Five Dutch Artists: A Selection of Contemporary Art from Holland
An eclectic exhibition of work in a variety of media by five artists from Holland.
In the catalogue for this exhibition, William Feaver introduced the show as the Dutch equivalent of a Serpentine Gallery summer show: “That is, they are not ‘The Dutch Scene As We See It’; but individuals who have something to say in a variety of languages.” As such, these five Dutch artists represented neither a cross section nor a particular age group.
Works in the exhibition included a selection from van den Broecke’s Dirid, which the artist described as an attempt, “to identify and correlate the relationships between a proliferation of directions, lengths, widths, and intervals.”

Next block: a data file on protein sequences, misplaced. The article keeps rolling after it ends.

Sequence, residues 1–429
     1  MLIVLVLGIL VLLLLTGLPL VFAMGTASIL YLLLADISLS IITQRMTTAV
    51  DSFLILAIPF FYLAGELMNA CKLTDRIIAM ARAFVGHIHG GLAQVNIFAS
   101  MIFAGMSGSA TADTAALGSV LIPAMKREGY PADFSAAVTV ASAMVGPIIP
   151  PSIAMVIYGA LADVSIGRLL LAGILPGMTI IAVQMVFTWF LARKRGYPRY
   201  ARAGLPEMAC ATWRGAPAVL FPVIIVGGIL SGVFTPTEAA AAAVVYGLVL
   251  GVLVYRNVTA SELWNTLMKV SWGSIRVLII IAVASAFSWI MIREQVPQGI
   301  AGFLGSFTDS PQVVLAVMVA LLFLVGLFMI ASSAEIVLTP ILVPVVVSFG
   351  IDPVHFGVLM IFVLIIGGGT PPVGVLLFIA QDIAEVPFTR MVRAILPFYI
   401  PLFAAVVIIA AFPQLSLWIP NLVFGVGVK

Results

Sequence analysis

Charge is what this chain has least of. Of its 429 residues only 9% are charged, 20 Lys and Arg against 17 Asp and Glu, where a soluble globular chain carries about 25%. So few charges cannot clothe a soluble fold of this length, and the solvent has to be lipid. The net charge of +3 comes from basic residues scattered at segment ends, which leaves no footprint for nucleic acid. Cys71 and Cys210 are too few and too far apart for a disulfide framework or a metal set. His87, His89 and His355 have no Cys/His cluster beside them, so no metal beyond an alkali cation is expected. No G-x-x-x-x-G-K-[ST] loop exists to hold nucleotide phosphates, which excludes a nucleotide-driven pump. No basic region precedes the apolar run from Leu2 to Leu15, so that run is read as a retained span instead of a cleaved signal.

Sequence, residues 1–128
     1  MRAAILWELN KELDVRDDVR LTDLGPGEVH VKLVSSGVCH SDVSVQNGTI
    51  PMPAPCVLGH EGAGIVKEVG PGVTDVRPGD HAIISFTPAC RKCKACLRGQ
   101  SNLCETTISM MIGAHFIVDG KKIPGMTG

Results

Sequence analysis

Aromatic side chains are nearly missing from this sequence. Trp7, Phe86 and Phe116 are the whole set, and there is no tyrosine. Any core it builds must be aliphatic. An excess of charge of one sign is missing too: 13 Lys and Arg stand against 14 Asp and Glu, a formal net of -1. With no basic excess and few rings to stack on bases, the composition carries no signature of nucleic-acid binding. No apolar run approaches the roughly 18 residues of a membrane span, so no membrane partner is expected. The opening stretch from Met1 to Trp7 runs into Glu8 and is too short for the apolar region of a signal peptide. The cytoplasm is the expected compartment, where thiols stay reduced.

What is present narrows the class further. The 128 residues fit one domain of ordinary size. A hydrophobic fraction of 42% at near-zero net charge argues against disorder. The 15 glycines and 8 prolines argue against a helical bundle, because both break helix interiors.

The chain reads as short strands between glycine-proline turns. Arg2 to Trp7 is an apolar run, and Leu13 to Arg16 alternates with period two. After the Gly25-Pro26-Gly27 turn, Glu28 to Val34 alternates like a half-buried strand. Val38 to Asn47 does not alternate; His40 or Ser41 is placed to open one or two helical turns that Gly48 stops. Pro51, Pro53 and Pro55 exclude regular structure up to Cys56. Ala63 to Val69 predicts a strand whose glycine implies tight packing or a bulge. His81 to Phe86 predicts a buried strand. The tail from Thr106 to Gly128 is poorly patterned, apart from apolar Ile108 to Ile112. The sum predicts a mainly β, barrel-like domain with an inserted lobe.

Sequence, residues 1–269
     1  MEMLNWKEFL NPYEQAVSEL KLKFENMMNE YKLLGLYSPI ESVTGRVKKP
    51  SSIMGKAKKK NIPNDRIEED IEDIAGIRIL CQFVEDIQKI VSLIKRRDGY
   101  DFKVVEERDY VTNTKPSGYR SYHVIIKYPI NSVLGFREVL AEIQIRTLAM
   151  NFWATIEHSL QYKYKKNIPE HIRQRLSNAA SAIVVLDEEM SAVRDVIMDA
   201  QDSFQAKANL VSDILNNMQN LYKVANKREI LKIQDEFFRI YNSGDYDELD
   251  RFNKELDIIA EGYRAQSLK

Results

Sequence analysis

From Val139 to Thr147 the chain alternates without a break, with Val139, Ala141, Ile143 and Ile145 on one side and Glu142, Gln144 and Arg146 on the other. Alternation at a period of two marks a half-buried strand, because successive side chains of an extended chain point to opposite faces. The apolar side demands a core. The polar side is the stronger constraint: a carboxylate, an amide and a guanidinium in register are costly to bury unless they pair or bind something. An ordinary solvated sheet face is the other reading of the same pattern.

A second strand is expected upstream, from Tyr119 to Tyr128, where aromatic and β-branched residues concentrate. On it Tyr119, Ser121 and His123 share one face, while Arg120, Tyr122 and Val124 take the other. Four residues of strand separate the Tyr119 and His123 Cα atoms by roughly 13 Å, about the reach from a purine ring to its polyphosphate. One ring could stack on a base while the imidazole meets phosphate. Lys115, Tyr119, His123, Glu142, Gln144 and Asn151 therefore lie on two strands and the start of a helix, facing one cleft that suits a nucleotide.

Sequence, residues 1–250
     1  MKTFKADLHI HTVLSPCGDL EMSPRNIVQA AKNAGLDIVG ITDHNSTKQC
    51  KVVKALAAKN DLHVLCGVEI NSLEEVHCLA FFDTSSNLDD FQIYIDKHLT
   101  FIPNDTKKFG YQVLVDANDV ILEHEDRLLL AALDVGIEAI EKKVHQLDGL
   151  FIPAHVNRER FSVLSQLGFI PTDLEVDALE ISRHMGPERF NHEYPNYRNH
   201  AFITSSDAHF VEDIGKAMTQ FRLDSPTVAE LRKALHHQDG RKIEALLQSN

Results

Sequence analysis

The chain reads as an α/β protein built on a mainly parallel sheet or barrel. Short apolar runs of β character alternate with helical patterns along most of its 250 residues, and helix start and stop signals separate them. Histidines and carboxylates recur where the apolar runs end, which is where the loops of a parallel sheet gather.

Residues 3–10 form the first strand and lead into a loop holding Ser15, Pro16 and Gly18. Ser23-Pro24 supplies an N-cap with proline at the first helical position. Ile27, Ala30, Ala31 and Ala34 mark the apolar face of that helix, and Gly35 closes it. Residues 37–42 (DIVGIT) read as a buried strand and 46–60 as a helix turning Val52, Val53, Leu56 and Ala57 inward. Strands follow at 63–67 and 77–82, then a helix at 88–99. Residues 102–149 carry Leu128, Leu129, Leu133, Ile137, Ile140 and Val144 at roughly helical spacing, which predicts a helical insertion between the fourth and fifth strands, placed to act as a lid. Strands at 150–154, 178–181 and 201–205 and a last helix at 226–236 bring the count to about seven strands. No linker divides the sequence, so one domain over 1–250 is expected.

In Yale University Press’s 2002 collection of Richard Cork’s art criticism, Everything Seemed Possible: Art in the 1970s, Cork asserts: “…the show is catholic and deliberately diverse in its effect. Where Jules de Goede appears to focus exclusively on the possibilities offered by painted and incised canvases, Douwe Jan Bakker displays 236 Pronounceables – small wooden objects which are supposed to be held in the mouth by a thin peg, thereby enabling the holder to ‘pronounce’ a visual system. And while Cornelius Rogge uses wood, chrome, perspex, cloth, iron and plastic to make his enigmatic constructions, J. Floris van den Broecke exhibits a selection of methodical form-clusters called Dirid, made out of self-adhesive colour tape on paper.”